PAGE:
Managing dry eye in the setting of specialty lenses is somewhat dependent on the ocular condition, but patient expectations can be an integral part of the fitting process. To start, whether it is a new or an established patient, it’s important to know and discuss the patients’ objectives. It is helpful to establish with patients whether you are able to realistically resolve those issues or whether the goal is to simply manage those objectives.

Start with the Chief Complaint

For new patients, as with all patients, the first thing to explore is their chief complaint. Regardless of whether this is dry eye or blurred vision, dissect the chief complaint as much as possible. Is one eye worse or are both the same? Do patients wake up with the problem or does it present later in the day? What currently makes it better and what makes it worse are helpful clues with regard to evaporative versus aqueous deficient dry eye or even for establishing whether the problem is simply related to contact lens solutions. From there, I turn over every stone.

What are a patient’s current treatments, and what is working? In some cases, new patients may present with many different current treatments that they continue to use simply because no one ever told them to stop. I also ask about previous treatments and why they stopped them. This could reveal the severity of symptoms or noncompliance, and it could even provide a background of how to move forward. Additionally, anatomical issues (such as scarring or cataracts) warrant a modification of expectations, as they might prove to be a barrier.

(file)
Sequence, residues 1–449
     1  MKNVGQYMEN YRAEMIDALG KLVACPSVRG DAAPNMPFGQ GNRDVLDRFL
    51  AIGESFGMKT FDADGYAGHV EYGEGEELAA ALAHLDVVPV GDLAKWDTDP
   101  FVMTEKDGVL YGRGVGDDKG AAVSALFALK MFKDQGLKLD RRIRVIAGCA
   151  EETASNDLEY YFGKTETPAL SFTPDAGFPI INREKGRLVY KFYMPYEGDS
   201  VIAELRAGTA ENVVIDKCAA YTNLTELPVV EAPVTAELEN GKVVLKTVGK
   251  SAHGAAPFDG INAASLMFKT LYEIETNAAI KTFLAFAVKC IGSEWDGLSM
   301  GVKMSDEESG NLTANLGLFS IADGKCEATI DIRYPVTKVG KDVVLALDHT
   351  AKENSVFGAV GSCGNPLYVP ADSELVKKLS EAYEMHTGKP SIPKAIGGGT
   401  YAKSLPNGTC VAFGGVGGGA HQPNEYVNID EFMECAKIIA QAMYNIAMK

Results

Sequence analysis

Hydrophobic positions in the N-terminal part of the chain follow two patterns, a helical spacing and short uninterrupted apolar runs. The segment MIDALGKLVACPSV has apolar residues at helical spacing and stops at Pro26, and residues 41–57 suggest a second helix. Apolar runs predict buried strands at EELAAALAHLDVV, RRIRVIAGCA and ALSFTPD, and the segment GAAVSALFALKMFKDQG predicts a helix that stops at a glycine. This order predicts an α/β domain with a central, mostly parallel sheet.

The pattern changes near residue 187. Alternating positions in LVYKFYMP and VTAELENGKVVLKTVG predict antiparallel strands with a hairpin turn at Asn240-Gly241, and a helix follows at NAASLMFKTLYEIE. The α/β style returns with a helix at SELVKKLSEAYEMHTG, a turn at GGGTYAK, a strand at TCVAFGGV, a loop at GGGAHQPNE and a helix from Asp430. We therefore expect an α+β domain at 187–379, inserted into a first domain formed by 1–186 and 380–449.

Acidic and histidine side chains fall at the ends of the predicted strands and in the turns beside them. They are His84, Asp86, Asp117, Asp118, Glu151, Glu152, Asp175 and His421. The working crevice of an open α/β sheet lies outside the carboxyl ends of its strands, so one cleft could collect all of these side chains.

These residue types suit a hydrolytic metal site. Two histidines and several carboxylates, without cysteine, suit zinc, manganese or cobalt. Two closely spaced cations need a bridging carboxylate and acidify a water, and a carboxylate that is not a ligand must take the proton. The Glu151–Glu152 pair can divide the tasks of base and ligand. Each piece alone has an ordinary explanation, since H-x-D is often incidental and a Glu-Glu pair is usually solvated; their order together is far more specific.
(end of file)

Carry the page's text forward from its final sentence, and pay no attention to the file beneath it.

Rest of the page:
Lastly, I ask every new patient “What is your goal today?” This is the most useful question to achieve successful GP fits, whether small-diameter GP or scleral lenses.

Troubleshooting Problems

For established patients, the most common statement that I hear is “Doc, I need new contacts!” My response is always “Why do you feel that way?” Their responses usually vary but can be broken down into the categories of blurred vision or discomfort (sometimes both). As with new patients, establishing in which eye and at what time of day the issues occur are keys to solving the mystery. My first concern is lens power, condition, and/or warpage. If one of these lens problems exists, it must be fixed first to move on to other issues such as a disconnect in lens care or re-treating the surface.

The next options include taking dry eye management to the next level, such as switching from a corneal GP to a scleral or refitting scleral lens wearers with a toric periphery or a larger diameter. The tricky part is knowing what, when, and why. Current dry eye treatments can help, but sometimes ocular pain can be beyond the level that standard therapies can resolve. Conversely, a poor ocular surface naturally creates issues such as debris and mucus on the lens. With the latter, changing solutions or adding another step to the dry eye regimen could help. However, for some severe ocular surface conditions, it may be a case of managing rather than resolving symptoms.

Define Goals

For both new and established patients, discussing goals can help. Some problems we can solve, but others we can only manage. Having the appropriate discussion sets the tone for both patients and practitioners so that everyone is on board. I also try to be optimistic and let patients know that future technology is always a possibility. CLS